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Term Definition
Carbonic Maceration

Grapes are usually crushed before fermentation: the yeasts convert the sugars present in the grape juice in the vat.

In Carbonic Maceration, whole (uncrushed) grapes are placed in a vat and fermentation is started under a layer of carbon dioxide - to keep the wine fresh by keeping out oxygen. This means that the juice is fermented INSIDE the grape.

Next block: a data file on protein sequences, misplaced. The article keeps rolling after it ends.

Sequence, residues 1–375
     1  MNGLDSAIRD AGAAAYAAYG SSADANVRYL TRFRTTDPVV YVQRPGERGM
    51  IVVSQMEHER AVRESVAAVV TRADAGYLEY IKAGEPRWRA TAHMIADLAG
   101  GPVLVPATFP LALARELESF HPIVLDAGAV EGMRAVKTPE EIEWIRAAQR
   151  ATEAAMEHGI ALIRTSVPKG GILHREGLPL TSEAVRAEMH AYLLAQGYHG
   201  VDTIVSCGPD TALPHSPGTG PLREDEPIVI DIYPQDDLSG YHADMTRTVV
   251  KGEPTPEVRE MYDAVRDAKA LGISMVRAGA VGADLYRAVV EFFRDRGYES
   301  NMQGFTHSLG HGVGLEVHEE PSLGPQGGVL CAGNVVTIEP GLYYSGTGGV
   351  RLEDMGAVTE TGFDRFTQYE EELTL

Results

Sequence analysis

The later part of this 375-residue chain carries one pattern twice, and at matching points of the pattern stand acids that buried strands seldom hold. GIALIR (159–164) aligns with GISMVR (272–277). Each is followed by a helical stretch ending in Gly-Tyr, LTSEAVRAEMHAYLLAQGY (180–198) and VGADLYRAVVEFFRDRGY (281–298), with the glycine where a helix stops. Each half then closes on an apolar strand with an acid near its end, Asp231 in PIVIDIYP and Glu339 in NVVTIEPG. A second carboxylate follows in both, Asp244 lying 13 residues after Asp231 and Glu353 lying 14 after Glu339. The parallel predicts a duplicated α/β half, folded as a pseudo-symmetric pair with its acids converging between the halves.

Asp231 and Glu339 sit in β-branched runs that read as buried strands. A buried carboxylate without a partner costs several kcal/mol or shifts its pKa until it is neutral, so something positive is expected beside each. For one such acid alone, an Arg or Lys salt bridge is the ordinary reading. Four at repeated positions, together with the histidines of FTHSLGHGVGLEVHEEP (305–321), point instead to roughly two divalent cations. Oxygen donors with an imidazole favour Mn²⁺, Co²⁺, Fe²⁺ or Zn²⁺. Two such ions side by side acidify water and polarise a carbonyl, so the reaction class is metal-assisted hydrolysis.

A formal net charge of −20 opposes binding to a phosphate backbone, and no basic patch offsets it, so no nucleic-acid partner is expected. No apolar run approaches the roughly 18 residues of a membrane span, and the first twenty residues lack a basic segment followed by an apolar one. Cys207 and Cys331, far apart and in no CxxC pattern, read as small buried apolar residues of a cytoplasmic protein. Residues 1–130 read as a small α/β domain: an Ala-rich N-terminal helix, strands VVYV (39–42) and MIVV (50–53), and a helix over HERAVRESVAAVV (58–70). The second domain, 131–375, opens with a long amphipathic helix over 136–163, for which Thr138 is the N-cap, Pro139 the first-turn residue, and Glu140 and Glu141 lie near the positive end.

This technique is common in Beaujolais. It produces wines that are fruity and very low in tannins. It is ready to drink very young, but doesn't age well. Beaujolais nouveau is probably the most famous wine produced by carbonic maceration: this is ready to drink after only about 6 weeks of harvesting.

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